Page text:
Mary Europe's activity in the community was diversified. Called a "musicians's musician" by her admirers, she performed solo piano recitals and often accompanied local and visiting artists. As the accompanist for the Coleridge-Taylor Choral Society, she occupied a position of special prominence, resulting from the organization's renown. When the well-known Afro-British violinist, conductor, and composer Samuel Coleridge-Taylor (1875–1912), son of a Sierra Leonean father and an English mother, came from London in 1904 to conduct the society in his cantata Hiawatha's Wedding Feast , he publicly recognized Europe's fine musicianship, with the result that her reputation was considerably enhanced in Washington music circles.
Founded in 1901, the Coleridge-Taylor Choral Society had 160 to 200 voices and was, justly, a source of great pride in Washington, D.C. The idea for its creation came from Mamie Hilyer, founder of the Treble Clef Club (discussed below), although—as was often the case—her husband, Andrew F. Hilyer, a leading businessman and treasurer of the organization, and the conductor, John Turner Layton, were more prominently associated with the society in the public mind.
Mamie Hilyer had met Coleridge-Taylor during a trip abroad and had returned to the United States enthusiastic about establishing a choral group that would perform his compositions. She and her associates conceived the plan to invite Coleridge-Taylor to Washington to conduct the society; her husband carried on the main correspondence. Mamie Hilyer promoted the society through her performances as a pianist and other fund-raising efforts. Concerts of the choral society were enthusiastically reviewed by the local and national black newspapers,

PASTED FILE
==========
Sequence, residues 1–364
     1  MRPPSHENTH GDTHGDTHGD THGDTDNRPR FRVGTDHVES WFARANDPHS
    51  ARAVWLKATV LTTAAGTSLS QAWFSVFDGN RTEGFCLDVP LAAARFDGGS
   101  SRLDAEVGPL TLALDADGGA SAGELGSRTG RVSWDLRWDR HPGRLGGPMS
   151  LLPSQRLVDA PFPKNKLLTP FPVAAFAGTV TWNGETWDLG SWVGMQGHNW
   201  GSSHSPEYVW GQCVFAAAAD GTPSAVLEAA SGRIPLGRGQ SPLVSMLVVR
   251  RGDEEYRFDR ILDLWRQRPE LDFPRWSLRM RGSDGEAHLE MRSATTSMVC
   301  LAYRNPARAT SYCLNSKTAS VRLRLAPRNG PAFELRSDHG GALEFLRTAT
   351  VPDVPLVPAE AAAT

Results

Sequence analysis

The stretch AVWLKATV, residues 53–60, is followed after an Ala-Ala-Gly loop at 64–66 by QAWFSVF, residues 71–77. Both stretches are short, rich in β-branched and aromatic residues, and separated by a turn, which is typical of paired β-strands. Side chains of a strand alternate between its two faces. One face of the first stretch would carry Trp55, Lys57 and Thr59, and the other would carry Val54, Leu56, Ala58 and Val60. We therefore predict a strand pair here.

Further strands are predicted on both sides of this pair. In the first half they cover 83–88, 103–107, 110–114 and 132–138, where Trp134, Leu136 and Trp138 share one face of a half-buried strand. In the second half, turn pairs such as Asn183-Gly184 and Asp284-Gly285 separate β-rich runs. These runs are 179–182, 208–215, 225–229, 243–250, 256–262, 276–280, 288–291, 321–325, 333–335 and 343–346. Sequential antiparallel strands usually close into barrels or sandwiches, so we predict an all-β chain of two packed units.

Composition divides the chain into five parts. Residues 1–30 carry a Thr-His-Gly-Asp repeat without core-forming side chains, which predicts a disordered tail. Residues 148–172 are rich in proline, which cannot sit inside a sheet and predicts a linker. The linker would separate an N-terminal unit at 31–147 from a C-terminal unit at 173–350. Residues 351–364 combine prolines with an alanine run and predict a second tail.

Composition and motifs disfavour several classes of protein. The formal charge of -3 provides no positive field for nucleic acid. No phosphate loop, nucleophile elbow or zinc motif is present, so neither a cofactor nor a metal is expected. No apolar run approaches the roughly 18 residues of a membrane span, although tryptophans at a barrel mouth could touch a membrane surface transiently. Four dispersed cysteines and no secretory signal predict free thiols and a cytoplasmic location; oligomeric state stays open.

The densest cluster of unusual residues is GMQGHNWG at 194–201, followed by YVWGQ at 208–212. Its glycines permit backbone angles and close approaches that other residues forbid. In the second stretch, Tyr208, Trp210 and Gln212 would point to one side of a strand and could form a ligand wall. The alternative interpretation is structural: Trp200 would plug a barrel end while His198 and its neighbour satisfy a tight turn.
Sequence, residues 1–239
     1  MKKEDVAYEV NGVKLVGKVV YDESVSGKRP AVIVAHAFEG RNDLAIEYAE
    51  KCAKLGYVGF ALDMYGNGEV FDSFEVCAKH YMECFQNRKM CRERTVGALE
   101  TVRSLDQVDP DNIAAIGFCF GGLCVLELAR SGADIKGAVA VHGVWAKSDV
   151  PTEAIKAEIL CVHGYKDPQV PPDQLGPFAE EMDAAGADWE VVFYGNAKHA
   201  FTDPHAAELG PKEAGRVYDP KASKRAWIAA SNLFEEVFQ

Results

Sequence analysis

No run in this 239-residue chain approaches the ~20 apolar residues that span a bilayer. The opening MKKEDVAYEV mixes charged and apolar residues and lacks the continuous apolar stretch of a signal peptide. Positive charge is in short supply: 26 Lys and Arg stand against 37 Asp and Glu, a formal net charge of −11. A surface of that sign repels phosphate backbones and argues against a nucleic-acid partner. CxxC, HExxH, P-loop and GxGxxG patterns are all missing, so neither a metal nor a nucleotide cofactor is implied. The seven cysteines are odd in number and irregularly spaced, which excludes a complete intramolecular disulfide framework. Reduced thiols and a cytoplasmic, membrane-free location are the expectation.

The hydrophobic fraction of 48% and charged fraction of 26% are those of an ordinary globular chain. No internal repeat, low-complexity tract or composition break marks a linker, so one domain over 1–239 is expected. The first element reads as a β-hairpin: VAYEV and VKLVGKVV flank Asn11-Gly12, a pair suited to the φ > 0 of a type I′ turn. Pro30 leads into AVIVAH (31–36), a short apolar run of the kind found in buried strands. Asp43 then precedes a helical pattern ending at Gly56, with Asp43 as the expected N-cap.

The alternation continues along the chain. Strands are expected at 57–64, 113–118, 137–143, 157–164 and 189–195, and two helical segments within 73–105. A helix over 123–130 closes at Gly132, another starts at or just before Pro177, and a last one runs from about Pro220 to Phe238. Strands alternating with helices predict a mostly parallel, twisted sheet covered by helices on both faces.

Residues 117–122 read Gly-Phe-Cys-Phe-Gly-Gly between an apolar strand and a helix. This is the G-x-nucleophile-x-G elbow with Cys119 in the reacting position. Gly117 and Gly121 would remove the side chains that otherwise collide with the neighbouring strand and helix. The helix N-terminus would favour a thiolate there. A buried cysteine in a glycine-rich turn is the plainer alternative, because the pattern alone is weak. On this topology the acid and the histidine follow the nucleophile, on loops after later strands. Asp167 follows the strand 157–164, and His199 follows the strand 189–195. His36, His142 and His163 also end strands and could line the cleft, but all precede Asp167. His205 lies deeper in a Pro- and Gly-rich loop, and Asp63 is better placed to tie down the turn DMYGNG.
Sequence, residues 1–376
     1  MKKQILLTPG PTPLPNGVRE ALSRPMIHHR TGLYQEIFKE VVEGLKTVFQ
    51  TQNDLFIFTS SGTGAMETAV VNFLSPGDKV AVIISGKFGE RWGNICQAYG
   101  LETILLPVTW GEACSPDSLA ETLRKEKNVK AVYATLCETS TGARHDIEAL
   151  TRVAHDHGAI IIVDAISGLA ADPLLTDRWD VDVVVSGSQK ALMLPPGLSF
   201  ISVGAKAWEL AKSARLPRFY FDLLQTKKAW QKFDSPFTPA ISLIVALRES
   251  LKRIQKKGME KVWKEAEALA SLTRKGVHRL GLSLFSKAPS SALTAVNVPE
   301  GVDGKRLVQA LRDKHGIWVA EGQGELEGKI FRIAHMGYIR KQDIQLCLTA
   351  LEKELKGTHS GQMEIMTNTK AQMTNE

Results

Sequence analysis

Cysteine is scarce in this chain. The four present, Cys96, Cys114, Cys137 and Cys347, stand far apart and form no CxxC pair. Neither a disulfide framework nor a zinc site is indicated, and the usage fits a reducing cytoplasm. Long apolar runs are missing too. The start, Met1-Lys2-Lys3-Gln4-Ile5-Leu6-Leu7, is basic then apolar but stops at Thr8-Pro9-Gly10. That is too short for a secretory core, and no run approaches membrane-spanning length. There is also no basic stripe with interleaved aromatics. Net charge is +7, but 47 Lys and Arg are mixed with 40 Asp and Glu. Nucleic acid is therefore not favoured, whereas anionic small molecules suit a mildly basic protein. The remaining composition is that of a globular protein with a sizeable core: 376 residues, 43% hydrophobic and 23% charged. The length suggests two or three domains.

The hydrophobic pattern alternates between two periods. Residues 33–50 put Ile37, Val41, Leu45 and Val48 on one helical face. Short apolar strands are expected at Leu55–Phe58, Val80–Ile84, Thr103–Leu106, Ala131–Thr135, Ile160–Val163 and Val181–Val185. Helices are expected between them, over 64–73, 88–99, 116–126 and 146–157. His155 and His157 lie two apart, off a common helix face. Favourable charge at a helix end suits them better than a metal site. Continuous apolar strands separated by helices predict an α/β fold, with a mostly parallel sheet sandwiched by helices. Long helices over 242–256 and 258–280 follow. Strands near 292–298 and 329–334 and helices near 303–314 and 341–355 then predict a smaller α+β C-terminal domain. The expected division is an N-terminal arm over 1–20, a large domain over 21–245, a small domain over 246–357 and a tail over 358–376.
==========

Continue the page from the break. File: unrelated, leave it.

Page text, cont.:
and the audiences, made up of whites as well as blacks, were so large that some persons were turned away for lack of seating. A writer for the Evening Star (24 April 1903, 13) described the society's first concert as "splendid" and "an event of interest in the musical history of this city."